In 1859, a man with a naturalist bent took work on a canal boat on the Chesapeake & Ohio Canal. The author is still unidentified, but their diary, detailed and numbering in thousands of words, was recovered and published by Thomas F.Hahn, a long-time president of the C&O Canal Commission, because of its extraordinary factual content.
Remarkably there is an episode described of an encounter with an atypical person. You may have thought that people who are “transgender” or “”non-binary” or “gender-fluid” are an anomaly. Read on.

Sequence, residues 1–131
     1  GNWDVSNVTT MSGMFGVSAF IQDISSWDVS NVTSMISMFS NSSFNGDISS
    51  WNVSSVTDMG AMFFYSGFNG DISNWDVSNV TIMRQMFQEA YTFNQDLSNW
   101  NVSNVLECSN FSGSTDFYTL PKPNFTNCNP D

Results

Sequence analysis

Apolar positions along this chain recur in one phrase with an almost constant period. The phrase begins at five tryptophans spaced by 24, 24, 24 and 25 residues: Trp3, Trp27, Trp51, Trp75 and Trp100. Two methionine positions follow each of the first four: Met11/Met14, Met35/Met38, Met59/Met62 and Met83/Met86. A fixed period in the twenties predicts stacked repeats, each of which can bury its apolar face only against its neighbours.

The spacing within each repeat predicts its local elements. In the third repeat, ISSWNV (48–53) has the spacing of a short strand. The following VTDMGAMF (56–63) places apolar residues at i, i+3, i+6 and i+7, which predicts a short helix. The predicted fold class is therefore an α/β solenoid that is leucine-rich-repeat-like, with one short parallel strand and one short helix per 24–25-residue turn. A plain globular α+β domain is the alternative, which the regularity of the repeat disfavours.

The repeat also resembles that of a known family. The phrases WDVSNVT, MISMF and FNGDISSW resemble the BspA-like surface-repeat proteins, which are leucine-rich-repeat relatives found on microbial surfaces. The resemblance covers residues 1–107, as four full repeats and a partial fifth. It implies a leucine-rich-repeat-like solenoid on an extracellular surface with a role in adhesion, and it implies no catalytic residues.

I was on the shore grooming the mules when a (strange) person came walking down the canal carrying a fiddle under its arm and went on board the boat. (The visitor) had a dabbled calico dfress with skirts hanging straight down which was more noticeable, as hoops were then in the height of fashion. Tommy was aboard and entertained the visitor but I kept an eye on the object. After talking with Tommy a while (the visitor) played him a tune or two and went on their way. I afterward learned their history. It seems that when (the visitor) was born it was a serious question whether (the visitor) should be called Abby or John, but it was finally decided to call them Abby and by that name (the visitor) was christened and the mistake was not found out until it was too late, but from the time the child could speak it protested by word and action and now grown to full stature (the visitor) was a veritable vagabond traveling around the village with fiddle, a palm-leaf hat, whiskers, heavy bass voice and dressed in petticoats.